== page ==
The academic climbs of the past few months, even the past two weeks, have been outstanding. I have spoken with people whom I could only have dreamt of meeting. Professors have contacted me through various channels offering all sorts of help.
Yet this seems permanently overshadowed by problems in Switzerland, not least as time here nears its end. As wonderful as the English Department is, this place is a recurrent nightmare. There are four separate forms to be filled in to leave the country, all of which need delivering to different places. A charge is levied for a leaving certificate: freedom from prison.
I had to go to our admin building, Uni Dufour, last week to try and sort out the messy business of matriculation, 12 months after I was reprimanded about my French there. There had been a misunderstanding, and the stern headmistress was even less impressed this morning.
Why had I not appeared at her summons last year? Because my registration file should have been complete. But no, she is not satisfied that she has seen original documents, even though I went through the painstaking process of getting them here, taking them last year, and she herself offering to copy them. At that, everything stalled indefinitely.
As a member of staff at the university, I should not have let myself be intimidated, but could do no more than utter ‘Je les ai apporté’ without assertiveness. I was left to shiver through coat and scarf through the shakings of the head from the other side of the desk. The positive upshot of this – and there is one – is that I should be guaranteed at least student status at Geneva in absentia.
The process of leaving this country is remarkably testing. How sorely tempting it must be just to forget it all and casually disappear. I headed back to face the stern headmistress today in Dufour, to find that she wasn’t in. A covering gentleman, without saying a word, glanced at my certificates and ripped up the conditions sheet. There is an ugly ruthlessness to this office.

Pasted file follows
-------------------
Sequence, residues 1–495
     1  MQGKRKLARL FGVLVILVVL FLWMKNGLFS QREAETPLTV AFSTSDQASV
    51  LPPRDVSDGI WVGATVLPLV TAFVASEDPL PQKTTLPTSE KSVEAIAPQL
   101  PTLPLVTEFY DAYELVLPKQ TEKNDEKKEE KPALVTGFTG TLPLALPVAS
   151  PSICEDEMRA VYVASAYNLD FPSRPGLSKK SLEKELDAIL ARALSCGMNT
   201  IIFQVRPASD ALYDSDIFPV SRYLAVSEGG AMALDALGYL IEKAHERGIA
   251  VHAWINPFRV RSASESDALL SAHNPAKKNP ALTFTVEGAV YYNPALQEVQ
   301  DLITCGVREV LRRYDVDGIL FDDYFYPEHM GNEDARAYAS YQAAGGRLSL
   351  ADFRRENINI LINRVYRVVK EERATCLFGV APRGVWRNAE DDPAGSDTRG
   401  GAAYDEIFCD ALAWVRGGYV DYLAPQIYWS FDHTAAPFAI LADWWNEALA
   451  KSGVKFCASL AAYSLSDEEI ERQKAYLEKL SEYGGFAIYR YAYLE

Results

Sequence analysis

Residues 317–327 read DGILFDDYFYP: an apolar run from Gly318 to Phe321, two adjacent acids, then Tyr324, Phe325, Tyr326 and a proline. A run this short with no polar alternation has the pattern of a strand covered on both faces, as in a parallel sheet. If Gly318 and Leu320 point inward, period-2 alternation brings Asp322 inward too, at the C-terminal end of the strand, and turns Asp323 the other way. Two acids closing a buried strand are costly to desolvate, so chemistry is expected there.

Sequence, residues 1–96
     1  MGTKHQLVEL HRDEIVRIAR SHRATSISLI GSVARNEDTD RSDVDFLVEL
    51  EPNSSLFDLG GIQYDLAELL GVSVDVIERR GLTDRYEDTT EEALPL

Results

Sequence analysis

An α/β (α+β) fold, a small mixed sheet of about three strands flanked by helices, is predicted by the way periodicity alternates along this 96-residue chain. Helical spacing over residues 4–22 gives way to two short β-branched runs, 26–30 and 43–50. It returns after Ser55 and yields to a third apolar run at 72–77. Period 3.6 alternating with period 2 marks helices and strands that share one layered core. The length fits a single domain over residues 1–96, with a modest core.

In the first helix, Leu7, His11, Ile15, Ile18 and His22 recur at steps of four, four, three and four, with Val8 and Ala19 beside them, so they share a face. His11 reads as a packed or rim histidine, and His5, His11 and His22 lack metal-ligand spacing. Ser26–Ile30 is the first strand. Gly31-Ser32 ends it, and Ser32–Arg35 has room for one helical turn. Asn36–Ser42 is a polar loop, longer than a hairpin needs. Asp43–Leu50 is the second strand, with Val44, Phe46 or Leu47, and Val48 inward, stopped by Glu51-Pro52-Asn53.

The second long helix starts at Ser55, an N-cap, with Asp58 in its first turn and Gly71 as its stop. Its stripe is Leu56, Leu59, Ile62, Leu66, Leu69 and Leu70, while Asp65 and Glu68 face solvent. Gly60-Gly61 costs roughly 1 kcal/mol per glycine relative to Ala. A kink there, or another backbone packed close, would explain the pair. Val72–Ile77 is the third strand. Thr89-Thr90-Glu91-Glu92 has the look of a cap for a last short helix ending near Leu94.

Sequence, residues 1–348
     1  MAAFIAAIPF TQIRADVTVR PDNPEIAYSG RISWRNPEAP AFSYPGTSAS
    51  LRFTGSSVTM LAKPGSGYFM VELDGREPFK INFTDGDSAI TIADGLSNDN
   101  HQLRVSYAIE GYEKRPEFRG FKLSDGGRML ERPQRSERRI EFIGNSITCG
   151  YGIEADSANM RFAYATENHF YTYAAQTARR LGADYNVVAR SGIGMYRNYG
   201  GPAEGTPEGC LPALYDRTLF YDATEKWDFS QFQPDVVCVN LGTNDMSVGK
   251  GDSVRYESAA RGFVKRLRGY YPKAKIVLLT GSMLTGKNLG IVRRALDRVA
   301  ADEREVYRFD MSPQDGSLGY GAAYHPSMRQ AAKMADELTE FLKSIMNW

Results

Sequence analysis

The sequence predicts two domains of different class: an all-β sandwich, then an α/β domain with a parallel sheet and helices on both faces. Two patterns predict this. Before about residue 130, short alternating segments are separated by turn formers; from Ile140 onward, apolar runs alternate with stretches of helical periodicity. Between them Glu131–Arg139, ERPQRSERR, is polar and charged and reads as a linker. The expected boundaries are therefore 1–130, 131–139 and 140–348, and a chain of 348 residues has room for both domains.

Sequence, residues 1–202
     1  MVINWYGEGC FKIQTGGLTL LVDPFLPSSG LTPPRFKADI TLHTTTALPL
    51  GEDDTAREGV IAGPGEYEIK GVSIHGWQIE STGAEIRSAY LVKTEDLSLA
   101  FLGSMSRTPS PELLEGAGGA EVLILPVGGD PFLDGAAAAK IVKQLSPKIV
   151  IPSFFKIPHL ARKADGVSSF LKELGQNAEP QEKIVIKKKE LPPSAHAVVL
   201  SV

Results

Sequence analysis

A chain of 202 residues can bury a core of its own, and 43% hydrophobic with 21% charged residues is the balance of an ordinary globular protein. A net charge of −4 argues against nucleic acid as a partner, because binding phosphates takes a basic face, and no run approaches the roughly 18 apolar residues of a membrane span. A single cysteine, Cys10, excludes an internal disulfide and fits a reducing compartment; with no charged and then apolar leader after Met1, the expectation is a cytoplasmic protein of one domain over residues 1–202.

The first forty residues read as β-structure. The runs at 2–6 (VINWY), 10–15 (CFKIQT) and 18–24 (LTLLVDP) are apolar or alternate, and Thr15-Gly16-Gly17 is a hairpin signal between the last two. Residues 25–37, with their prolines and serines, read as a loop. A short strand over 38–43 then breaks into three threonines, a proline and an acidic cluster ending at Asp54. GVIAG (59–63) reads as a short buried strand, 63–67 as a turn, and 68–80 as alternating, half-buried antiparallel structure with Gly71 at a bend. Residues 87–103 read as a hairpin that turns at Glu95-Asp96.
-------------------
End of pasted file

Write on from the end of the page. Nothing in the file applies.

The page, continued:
That, unfortunately, was the highlight. My newly acquired student card could not recoup what I was entitled to at the bank. Alas, the tax reimbursement that had been suggested is not possible either. In fact, rather than leaving here with an extra few thousand, I expect to owe money in due course.
That really is a microcosm of the experience: so much promise of gain only to actually lose instead. There is a gruelling start to the final week too. The majority of English students sit exams on Monday. Papers have to be delivered at 8:00am, and then it’s a trip to the Service des Paies (personnel and finance), either at the dreaded Dufour or the State office (or both), as certain documents are only printed on the 26th of the month, and then a dash back for invigilation.
What am I getting at here? I thought academia allowed all types of character, but I think I’m too timid to be proactive in the necessary ways. I have a complex about using the libraries here because of my track record of setting off the alarms.
When my colleague returned from a six-month period of leave and came back to the office last week, my self-motivational quotes were gone from the whiteboard, replaced by some vile mess left for fun, and I soon felt that my place was back under the table.
I started this post determined to find optimism. Instead, I question where the fire I had during long train journeys to Edinburgh, when a PhD seemed a far-distant option, has gone. Now, I hope that I will cherish the solitude until all these doubts seem hasty and foolish.
Perhaps this period will evaporate once I am free and back in the UK. It would serve well to remind me just why I’ve needed to sacrifice a treasured role. Perhaps it is something that every vain wannabe goes through. But perhaps I write this because every day of this final spell seems to reinforce the sentiments all the more. This place has broken me.
I’ll sign off a 12-hour day with the words of Jack Bauer: ‘I want my life back, and I want it now’. I’m not footnoting.